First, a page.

Why do immunocompromised people benefit from an extra shot?
We have known historically from prior vaccines, including influenza and the pneumonia vaccines, that immunocompromised patients generally have a weaker response to vaccines. This is not unique to the COVID vaccines. The reason for that is because vaccines require a functioning immune system to work efficiently.

The vaccine is essentially a set of instructions to your immune system that say, “Here, recognize this signal. If you ever see it in the future, respond very fast to it. Learn from this injection.” For your body to learn from that injection and to carry out that set of instructions, you need a functioning immune system. But when transplant patients, for example, receive a vaccine, that response is much reduced, unfortunately. And we’ve known from research with influenza, pneumonia, and hepatitis B vaccines that additional doses are required to match or even come close to a vaccine response in someone who is not immunocompromised.

When your immune system is weak and not functioning as it should, this can lead to a greater risk of infection and illness. We need the production of antibodies (proteins that identify pathogens in the body) and T cells​​ (white blood cells that work with antibodies) to identify and elicit an immune response to fight off infection. An additional dose of vaccine may improve immunocompromised people’s immune response and help further protect them from severe disease.

Who is eligible to receive a third dose?
Immunocompromised could be an incredibly broad category, and some people may not squarely fit in it. The ones who would be clearly included would be solid organ transplant recipients, stem cell transplant recipients, those actively being treated for a malignancy with chemotherapy, and patients who were born with a weaker immune system. Also, those with advanced or untreated HIV infection, including those with T cells less than 200, and patients who are taking high-dose corticosteroids, which is equivalent to about 20 milligrams of prednisone per day, or taking other agents for their autoimmune diseases.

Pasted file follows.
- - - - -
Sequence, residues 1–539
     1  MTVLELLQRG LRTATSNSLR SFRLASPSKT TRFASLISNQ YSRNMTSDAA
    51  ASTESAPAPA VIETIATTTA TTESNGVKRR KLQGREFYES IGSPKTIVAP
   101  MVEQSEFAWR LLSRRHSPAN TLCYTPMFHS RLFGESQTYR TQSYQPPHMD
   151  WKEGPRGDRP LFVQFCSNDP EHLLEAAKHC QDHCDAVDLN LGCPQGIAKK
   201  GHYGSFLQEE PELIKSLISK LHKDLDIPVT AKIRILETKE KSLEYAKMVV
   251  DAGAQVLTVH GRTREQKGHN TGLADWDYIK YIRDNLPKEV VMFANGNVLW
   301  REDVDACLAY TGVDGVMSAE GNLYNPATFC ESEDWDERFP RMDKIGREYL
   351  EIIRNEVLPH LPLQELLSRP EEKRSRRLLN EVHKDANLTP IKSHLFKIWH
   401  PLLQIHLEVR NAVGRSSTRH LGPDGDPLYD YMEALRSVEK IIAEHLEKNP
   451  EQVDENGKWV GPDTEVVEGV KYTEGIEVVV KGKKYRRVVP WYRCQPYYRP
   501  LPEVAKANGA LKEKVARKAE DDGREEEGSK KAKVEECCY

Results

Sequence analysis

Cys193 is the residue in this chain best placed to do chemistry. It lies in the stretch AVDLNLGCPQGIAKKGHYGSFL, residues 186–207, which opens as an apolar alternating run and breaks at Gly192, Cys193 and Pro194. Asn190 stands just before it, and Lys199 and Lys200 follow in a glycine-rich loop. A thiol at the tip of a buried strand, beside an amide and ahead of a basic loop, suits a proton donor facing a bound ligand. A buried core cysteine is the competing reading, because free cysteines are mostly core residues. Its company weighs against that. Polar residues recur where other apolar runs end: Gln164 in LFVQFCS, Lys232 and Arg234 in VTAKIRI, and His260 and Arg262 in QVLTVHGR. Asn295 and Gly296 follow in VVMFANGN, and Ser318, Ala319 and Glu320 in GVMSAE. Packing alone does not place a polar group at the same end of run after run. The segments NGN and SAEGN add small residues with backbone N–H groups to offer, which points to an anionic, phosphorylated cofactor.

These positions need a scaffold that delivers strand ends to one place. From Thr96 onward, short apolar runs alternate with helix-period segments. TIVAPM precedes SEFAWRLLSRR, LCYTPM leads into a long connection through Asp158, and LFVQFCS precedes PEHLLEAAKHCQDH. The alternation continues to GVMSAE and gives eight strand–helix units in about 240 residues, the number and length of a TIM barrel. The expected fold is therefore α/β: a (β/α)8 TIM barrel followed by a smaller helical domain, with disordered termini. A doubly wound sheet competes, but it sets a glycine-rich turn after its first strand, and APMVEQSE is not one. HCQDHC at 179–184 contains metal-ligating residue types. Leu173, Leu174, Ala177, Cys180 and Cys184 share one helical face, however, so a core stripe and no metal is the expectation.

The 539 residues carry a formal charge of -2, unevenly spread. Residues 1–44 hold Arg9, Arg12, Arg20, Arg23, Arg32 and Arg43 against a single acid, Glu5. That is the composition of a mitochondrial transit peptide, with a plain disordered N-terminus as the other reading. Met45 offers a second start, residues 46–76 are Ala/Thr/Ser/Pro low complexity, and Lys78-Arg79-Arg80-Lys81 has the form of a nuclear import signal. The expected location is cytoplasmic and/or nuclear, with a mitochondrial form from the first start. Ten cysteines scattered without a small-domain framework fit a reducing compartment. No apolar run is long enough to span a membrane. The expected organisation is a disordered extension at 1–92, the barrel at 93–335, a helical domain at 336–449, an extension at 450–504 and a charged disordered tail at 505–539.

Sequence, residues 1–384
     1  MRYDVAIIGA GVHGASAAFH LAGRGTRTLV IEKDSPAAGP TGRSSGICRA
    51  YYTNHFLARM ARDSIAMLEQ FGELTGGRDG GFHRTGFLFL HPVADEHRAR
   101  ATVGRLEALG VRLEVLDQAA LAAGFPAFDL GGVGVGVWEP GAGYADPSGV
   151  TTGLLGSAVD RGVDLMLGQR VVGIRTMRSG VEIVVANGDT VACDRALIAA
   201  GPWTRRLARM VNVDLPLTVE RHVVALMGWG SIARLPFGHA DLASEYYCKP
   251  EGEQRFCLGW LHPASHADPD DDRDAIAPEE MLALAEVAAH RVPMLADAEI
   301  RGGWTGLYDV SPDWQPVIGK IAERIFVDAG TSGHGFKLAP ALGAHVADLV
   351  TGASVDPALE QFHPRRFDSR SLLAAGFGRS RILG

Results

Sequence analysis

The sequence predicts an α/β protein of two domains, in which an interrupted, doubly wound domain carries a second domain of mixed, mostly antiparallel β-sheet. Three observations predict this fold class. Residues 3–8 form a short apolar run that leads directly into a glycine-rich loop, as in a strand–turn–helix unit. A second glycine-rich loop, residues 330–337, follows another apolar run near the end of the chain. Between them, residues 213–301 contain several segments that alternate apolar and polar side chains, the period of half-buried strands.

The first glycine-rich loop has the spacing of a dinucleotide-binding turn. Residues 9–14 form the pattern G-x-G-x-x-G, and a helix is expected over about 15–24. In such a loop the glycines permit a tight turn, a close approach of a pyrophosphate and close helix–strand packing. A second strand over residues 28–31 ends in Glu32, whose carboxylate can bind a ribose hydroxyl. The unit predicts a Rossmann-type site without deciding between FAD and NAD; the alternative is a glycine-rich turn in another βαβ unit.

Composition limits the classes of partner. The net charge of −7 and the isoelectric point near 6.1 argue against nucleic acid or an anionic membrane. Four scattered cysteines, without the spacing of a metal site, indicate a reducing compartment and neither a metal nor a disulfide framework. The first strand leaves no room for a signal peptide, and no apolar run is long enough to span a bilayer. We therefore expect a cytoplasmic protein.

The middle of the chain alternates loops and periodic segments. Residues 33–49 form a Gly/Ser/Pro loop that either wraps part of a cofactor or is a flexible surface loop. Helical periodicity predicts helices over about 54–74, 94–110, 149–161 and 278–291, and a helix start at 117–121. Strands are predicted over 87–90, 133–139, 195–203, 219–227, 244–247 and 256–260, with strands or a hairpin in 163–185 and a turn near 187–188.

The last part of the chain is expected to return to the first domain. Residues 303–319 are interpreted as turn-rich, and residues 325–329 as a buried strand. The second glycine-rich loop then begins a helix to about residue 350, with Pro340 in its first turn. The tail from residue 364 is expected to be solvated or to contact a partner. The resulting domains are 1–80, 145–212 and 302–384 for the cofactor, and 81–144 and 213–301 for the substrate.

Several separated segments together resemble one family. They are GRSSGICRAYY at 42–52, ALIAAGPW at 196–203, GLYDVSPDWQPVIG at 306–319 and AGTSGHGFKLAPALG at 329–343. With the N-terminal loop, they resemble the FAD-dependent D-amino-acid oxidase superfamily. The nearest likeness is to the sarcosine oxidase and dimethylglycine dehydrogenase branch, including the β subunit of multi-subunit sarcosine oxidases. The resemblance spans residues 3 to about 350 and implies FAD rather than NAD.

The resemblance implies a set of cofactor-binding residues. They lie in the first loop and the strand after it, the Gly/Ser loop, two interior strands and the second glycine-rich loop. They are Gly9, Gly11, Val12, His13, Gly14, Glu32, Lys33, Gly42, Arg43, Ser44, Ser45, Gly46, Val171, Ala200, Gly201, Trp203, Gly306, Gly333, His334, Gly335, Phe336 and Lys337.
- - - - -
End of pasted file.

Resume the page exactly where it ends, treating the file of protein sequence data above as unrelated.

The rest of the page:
Is there research on how the additional shot has performed for this population?
Yes, a number of studies show that third shots benefit people with a suppressed immune system. Studies from France, Israel, and Canada, among others, all showed that in solid organ transplant recipients, immune responses went from about 40% after the second dose to almost 70% after the third dose. This showed that immunocompromised people benefitted from getting additional doses of these vaccines.

At NewYork-Presbyterian/Columbia University Irving Medical Center, we are studying how the immunocompromised population responds to third doses and anticipate more studies to investigate vaccine responses.

“An additional dose of vaccine may improve immunocompromised people’s immune response and help further protect them from severe disease.”

— Dr. Marcus Pereira

Which vaccines are recommended for the third dose?